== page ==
Killing the high-speed rail connection from Milwaukee to Madison is going to cost taxpayers $96 million, according to Gov. Jim Doyle.
According to release from Doyle’s office, the state has spent more than $14 million during the past six months preparing for high-speed rail.
Cancelling the project also will mean upgrades to the Amtrak Hiawatha line between Milwaukee and Chicago will no longer be eligible for federal assistance, and the state will have to pick up the tab, according to the release from Doyle’s office. That includes $18 million for the train shed at Milwaukee’s downtown Intermodal Station and $12 million for platform renovations at the Milwaukee Airport Station. It also includes $52 million for a facility to maintain new Hiawatha trains.
Gary Smith, president of C.D. Smith Construction Inc., Fond du Lac, said he has not heard a thing about changes in the train shed contract, which the contractor won Nov. 1.
“We have a contract,” Smith said Monday. “No one has told us to stop work.”
Last week, Edward Kraemer & Sons Inc., Plain, learned the Wisconsin Department of Transportation had put on hold a $28 million bridge project in Jefferson County that is part of the overall high-speed rail project. The contractor won that project Oct. 6.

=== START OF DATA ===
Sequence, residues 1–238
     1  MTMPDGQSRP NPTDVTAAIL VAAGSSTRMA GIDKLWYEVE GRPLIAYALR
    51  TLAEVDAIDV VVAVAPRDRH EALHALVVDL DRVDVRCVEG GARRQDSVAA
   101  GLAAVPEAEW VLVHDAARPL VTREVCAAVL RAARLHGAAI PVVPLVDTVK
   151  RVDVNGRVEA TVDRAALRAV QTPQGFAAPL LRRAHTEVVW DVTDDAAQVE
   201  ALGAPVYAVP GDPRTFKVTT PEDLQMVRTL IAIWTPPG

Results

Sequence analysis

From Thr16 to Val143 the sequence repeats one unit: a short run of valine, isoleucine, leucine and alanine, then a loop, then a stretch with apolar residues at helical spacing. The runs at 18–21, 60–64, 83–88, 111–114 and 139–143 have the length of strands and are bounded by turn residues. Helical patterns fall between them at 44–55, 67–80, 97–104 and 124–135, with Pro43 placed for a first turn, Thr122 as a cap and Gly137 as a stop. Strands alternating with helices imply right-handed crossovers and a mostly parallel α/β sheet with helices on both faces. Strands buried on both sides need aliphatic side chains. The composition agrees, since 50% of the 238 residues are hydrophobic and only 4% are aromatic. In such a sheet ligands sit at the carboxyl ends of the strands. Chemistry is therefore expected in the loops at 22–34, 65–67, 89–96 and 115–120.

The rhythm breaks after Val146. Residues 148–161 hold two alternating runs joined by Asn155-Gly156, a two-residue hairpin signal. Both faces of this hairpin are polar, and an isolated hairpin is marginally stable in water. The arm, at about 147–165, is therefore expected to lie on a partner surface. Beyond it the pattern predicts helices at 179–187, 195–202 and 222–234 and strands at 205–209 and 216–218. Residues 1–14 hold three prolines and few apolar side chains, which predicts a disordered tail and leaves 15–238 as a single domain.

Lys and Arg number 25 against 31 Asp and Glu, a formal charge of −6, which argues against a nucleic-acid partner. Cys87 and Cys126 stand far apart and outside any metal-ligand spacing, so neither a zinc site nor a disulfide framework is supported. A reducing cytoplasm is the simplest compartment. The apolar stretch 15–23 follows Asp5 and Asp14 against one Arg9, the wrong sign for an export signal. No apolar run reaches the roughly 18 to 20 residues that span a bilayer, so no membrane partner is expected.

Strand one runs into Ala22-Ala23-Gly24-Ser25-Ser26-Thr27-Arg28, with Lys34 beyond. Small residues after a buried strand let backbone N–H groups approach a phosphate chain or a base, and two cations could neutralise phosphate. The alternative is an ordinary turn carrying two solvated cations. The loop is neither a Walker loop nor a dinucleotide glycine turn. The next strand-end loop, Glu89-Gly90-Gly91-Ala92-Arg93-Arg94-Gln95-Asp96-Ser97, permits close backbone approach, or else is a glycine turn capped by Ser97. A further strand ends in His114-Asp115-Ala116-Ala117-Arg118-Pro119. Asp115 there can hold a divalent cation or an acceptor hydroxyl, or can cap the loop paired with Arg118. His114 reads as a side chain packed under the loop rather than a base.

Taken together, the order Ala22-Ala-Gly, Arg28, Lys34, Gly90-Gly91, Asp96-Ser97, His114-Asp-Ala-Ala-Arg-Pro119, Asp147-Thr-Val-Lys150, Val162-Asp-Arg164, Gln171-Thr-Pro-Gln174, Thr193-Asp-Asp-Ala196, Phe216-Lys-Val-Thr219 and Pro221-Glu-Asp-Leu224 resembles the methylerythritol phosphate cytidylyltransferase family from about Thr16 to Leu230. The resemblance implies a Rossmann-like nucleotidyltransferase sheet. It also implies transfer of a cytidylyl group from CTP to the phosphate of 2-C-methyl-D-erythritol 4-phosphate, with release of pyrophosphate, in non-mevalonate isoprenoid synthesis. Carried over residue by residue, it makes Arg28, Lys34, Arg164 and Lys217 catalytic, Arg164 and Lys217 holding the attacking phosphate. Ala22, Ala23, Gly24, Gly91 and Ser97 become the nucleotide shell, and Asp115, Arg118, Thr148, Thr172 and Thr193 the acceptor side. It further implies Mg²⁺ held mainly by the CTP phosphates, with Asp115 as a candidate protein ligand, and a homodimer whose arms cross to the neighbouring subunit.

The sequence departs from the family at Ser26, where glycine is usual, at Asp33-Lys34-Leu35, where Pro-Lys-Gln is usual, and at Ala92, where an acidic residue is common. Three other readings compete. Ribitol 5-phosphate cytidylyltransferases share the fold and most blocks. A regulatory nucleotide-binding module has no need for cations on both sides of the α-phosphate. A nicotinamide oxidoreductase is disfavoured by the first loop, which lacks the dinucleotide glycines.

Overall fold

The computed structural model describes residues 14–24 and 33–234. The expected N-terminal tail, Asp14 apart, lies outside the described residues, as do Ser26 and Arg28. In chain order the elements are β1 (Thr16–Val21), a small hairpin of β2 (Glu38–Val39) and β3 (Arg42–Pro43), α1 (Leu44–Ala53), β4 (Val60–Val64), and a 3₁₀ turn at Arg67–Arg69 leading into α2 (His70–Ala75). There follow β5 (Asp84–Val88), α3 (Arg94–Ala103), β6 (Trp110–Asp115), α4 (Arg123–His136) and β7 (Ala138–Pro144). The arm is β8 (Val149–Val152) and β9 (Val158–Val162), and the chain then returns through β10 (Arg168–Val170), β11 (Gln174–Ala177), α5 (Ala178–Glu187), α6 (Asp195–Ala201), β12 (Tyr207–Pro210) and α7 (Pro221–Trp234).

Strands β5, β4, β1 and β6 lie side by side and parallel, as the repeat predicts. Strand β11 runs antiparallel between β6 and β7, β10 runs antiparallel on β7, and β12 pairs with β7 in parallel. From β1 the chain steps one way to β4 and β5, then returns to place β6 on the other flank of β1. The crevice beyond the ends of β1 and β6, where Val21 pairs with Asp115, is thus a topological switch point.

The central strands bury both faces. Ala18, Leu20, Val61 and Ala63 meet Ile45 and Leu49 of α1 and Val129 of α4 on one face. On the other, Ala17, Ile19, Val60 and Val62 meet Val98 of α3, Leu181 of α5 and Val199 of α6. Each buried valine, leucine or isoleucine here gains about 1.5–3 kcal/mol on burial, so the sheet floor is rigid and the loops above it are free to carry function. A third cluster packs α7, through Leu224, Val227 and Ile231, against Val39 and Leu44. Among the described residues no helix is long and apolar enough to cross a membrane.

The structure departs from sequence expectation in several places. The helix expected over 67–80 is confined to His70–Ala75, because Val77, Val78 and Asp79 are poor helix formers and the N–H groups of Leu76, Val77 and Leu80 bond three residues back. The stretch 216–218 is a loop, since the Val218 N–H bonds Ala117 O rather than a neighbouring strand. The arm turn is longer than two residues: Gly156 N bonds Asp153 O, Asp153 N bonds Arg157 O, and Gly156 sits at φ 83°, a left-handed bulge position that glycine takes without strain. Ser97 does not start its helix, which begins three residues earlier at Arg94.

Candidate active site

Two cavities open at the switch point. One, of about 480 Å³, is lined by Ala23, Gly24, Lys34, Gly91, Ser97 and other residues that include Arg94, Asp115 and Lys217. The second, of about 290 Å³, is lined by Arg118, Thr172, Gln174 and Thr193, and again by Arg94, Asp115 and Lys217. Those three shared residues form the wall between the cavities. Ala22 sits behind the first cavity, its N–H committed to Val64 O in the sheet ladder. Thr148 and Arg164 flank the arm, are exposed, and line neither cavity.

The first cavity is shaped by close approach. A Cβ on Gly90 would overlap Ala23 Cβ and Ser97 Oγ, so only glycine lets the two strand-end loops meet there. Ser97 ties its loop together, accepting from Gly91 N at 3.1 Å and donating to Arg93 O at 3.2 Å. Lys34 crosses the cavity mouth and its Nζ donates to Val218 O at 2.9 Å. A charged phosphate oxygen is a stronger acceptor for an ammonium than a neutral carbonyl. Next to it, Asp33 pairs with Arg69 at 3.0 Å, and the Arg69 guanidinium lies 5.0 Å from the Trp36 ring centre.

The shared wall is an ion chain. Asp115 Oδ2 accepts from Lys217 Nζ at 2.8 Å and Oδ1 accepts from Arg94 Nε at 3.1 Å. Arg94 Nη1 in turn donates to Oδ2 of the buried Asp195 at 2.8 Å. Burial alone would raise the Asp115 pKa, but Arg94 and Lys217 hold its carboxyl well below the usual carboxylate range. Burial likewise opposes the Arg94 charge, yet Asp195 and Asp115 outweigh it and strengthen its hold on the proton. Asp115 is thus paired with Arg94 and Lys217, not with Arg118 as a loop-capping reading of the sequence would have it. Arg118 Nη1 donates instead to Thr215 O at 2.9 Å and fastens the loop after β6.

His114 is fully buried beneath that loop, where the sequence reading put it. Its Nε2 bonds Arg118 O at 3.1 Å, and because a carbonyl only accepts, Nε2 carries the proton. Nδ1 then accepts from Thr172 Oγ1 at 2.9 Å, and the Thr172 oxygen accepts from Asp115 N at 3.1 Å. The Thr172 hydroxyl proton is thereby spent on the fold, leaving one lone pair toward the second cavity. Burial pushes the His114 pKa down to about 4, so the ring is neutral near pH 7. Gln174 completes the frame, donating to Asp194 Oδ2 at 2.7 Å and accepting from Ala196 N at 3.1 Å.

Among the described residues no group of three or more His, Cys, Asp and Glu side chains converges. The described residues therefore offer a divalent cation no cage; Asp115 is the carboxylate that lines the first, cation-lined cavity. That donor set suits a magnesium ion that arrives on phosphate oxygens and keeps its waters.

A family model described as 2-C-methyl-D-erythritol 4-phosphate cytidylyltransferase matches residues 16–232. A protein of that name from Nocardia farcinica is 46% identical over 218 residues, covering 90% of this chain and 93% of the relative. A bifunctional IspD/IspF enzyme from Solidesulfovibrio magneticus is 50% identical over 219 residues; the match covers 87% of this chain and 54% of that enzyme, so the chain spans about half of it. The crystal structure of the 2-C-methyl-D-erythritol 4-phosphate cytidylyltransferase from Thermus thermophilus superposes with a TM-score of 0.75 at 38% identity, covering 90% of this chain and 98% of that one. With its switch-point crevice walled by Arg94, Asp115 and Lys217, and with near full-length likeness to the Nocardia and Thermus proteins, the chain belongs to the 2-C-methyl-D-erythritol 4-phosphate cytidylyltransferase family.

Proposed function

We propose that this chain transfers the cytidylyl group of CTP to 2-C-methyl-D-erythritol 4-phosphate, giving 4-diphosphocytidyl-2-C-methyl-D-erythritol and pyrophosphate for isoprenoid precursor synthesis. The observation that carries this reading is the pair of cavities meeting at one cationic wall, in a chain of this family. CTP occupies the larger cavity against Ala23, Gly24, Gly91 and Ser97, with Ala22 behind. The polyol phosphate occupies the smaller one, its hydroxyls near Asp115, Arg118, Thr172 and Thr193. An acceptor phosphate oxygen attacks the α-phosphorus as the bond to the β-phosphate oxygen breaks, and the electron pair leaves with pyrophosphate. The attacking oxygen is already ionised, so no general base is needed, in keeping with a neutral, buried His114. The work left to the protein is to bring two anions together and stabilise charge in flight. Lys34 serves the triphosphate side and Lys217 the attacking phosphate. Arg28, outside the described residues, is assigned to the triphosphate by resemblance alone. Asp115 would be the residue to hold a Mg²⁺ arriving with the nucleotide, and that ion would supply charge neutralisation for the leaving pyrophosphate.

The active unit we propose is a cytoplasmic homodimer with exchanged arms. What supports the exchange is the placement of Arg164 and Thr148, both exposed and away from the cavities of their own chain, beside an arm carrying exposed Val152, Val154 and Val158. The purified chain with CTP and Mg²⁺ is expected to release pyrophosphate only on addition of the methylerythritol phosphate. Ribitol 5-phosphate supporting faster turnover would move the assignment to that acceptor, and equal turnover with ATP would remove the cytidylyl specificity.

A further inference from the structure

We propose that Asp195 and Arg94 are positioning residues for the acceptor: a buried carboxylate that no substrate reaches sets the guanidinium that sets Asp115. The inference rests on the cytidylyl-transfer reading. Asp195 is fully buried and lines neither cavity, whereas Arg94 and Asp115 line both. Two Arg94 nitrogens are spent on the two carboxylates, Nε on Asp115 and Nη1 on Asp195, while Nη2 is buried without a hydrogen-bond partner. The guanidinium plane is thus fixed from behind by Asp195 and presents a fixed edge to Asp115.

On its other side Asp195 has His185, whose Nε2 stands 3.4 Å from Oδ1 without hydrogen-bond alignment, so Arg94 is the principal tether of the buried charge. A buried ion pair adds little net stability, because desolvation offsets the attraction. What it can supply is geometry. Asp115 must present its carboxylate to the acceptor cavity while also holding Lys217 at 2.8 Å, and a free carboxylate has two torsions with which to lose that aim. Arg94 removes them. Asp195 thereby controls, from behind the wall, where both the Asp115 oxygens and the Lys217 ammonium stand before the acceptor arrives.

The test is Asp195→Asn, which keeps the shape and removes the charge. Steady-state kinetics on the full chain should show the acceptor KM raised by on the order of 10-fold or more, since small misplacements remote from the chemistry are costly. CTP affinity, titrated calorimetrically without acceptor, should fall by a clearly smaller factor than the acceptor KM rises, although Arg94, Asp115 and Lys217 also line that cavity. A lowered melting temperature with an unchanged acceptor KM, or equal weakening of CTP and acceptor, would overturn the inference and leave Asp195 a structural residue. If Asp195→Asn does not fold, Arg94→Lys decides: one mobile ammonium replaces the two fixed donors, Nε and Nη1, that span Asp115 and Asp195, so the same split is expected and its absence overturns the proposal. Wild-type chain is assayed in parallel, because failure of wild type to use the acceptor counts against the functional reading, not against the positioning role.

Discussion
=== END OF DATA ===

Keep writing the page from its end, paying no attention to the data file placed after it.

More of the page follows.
Ken Voss, a lawyer with extensive experience in construction contract law and who is not affiliated with the project, said government contracts usually include a clause allowing for cancellation at the owner’s convenience, but killing a contract doesnít come free.
Typically, a contractor can bill for any actual costs — from making a bid to moving equipment to a site.
“The longer you wait,” Voss said, “the greater the costs.”
Doyle, in his press release, noted Wisconsin’s $823 million in federal aid was greater than any other state had received. But, according to Doyle’s release, if Gov.-elect Scott Walker opposes the project, the U.S. Department of Transportation will shift the money to another state.
Doyle noted federal officials will meet with Walker soon to apprise him of the repercussions of killing the project.
Late Monday, U.S. Transportation Secretary Ray LaHood sent a letter to Walker insisting the federal government will not reallocate $810 million earmarked for the Milwaukee to Madison high-speed rail project.
In the letter, LaHood told Walker the money could not be transferred for state highway projects. If Walker elects to not change his stance on high-speed rail in Wisconsin, LaHood said the U.S. Department of Transportation will use Wisconsin’s money elsewhere.
LaHood claimed to have commitments from 30 foreign rail manufacturers to relocate operations across the United States.
LaHood’s statement said the work will help rejuvenate the country’s industrial communities and spur job growth.
— Marie Rohde and Joe Lanane